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Here’s What to Know About Recycling Your Running Shoes

Learn when it’s better to rehome your running shoes and when it’s best to let them take on a new life.

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It probably won’t surprise you, a runner, a definite wearer of shoes, to learn that the shoe industry is massive (producing 24.2 billion pairs a year, massive). Also unsurprising is that with its size comes a monster amount of waste as consumers continue to buy and ditch pair after pair.

The life cycle (from material processing, manufacturing, logistics, and eventual waste) is estimated to create 30 pounds of carbon emissions for each pair of running shoes.

Running brands aren’t oblivious to the problem and seem to grasp that runners are caring more and more about the environment, but aren’t willing to compromise on the quality of their footwear. In fact, that’s where a lot of the dissonance comes into play. To truly reduce the carbon footprint of the sneaker industry, runners need to one day rely on fewer, yet more durable shoes.

But no shoe brand wants us to buy fewer shoes. Which means, it’s up to them to find another way. And this April, just in time for Earth Day, many brands are launching new (or beefing up old) footwear recycling and donating initiatives.

Dirty white On Cyclon running shoe
On’s Cyclon shoe is sold on a subscription basis, where consumers return and recycle the shoe and receive a new pair every five months or so. Photo: Courtesy On Running

Here Are 6 Brands That Will Recycle Your Kicks (And Socks)

Currently, 85 percent of textiles are not recycled, with the average person throwing away 70 pounds of clothing and other textiles annually.

In general, recycling shoes is a complex process and depending on the materials in the shoe it might not be possible. “Footwear is difficult to recycle because most shoes are made using multiple, mixed materials which are often stitched or glued together,” says Shaye DiPasquale a publicist for the recycler TerraCycle.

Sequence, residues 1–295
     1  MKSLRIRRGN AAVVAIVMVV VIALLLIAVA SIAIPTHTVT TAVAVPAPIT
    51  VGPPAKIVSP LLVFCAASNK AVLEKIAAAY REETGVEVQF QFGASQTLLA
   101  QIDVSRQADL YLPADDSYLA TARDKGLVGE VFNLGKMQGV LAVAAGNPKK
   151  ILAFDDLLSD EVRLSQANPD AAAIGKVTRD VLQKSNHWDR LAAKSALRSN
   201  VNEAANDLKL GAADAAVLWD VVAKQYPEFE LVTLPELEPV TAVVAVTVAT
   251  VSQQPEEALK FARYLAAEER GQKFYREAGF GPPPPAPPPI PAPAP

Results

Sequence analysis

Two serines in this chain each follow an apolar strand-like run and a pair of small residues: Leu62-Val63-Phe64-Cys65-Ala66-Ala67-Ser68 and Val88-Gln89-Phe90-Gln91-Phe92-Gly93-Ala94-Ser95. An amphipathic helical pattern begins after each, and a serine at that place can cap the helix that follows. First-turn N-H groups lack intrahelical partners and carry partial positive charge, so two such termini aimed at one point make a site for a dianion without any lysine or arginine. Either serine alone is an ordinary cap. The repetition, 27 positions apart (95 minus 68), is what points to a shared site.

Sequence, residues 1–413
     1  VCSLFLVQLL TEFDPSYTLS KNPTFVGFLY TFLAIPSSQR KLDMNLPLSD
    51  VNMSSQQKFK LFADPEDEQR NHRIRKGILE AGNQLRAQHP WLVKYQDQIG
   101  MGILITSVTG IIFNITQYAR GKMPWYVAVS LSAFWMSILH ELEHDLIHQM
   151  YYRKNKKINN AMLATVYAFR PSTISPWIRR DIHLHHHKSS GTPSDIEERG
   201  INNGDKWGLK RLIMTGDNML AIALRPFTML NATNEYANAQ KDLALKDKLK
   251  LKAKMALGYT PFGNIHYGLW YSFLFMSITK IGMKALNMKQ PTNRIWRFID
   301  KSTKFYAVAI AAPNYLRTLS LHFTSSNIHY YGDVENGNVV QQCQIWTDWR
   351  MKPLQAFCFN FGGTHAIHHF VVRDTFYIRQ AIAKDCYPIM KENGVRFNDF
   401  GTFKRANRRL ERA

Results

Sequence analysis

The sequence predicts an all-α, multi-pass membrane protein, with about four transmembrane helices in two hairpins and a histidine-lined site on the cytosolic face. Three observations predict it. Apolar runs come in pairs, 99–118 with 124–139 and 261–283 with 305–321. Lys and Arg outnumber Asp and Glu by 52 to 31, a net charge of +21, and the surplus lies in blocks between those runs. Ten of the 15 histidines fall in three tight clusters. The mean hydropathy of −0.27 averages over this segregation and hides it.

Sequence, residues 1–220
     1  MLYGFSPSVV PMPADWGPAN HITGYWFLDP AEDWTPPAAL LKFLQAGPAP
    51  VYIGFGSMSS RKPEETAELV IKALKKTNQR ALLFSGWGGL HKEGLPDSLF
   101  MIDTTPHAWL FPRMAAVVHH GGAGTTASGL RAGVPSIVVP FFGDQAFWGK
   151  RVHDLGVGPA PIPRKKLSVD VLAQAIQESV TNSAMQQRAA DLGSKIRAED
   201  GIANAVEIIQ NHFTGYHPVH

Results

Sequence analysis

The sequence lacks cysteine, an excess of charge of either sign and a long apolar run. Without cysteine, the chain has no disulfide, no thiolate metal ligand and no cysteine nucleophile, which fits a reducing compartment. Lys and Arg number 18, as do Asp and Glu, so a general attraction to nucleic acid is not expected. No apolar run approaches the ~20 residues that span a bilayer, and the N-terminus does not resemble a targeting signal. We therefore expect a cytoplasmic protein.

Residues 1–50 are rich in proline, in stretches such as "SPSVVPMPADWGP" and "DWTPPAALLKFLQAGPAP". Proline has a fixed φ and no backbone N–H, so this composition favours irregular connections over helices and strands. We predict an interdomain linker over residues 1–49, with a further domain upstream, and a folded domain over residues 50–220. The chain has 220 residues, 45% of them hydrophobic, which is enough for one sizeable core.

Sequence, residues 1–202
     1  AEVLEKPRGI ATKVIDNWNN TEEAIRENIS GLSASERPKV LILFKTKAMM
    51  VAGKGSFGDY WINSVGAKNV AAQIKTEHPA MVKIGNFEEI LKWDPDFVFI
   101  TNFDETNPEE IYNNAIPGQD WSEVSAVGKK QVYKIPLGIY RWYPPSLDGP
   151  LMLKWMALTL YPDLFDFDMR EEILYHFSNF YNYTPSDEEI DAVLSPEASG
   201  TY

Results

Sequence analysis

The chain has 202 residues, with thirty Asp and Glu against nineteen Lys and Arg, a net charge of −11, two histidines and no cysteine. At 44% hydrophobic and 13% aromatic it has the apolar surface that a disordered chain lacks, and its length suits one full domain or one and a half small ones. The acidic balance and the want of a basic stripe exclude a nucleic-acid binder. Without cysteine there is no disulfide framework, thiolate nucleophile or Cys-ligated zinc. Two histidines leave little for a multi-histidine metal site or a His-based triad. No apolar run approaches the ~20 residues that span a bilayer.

“There is not a lot of physical recycling of footwear that goes on,” says Eric Stubin, president of Trans-Americas Textile Recycling. The majority of ‘recycled’ shoes and clothes are shipped places to be reused. Stubin’s company processes about 10 million pounds of post-consumer textile waste from clothing, shoes, and accessories every year.

Take polyurethane foam, a material researchers from Northwestern University only recently figured out how to upcycle. “Polyurethane foam waste has historically been landfilled and burned or down-cycled for use in carpeting,” said William Dichtel, who co-led the research. “Our latest work effectively removes air from polyurethane foams and remolds them into any shape. This could pave the way for industry to begin recycling polyurethane foam waste for many relevant applications.” Polyurethane, which is sometimes used in the midsole of shoes does not melt even in extreme heat. Previously, it could only be shredded or compressed in ways that make the material not durable enough for other uses.

In general, when clothing is recycled it tends to go to one of these four different end destinations:

  1. Reused and repurposed as secondhand clothing (45%)
  2. Recycled and converted into items like reclaimed wiping rags for industrial and residential use (30%)
  3. Recycled into post-consumer fiber for home insulation, carpet padding, and raw material for the automotive industry (20%)
  4. Landfills (5%)

Perhaps the most notable and lauded shoe recycling program is Nike’s Reuse-A-Shoe, which is available at select Nike stores. Through the program any brand of athletic shoe is collected to be turned into a Nike Grind product—tracks, courts, walkways, and playground floors made from ground sneakers. Stubin considers the Nike Grind program to be the most “robust and viable program for footwear.”

Earlier this month, the sandal company Teva announced its partnership with TerraCycle through a program it’s calling TevaForever. For no additional cost, customers who sign up receive a pre-paid shipping label to send their worn sandals to TerraCycle. Their goal is to also turn the used sandals into running tracks, playgrounds, and more.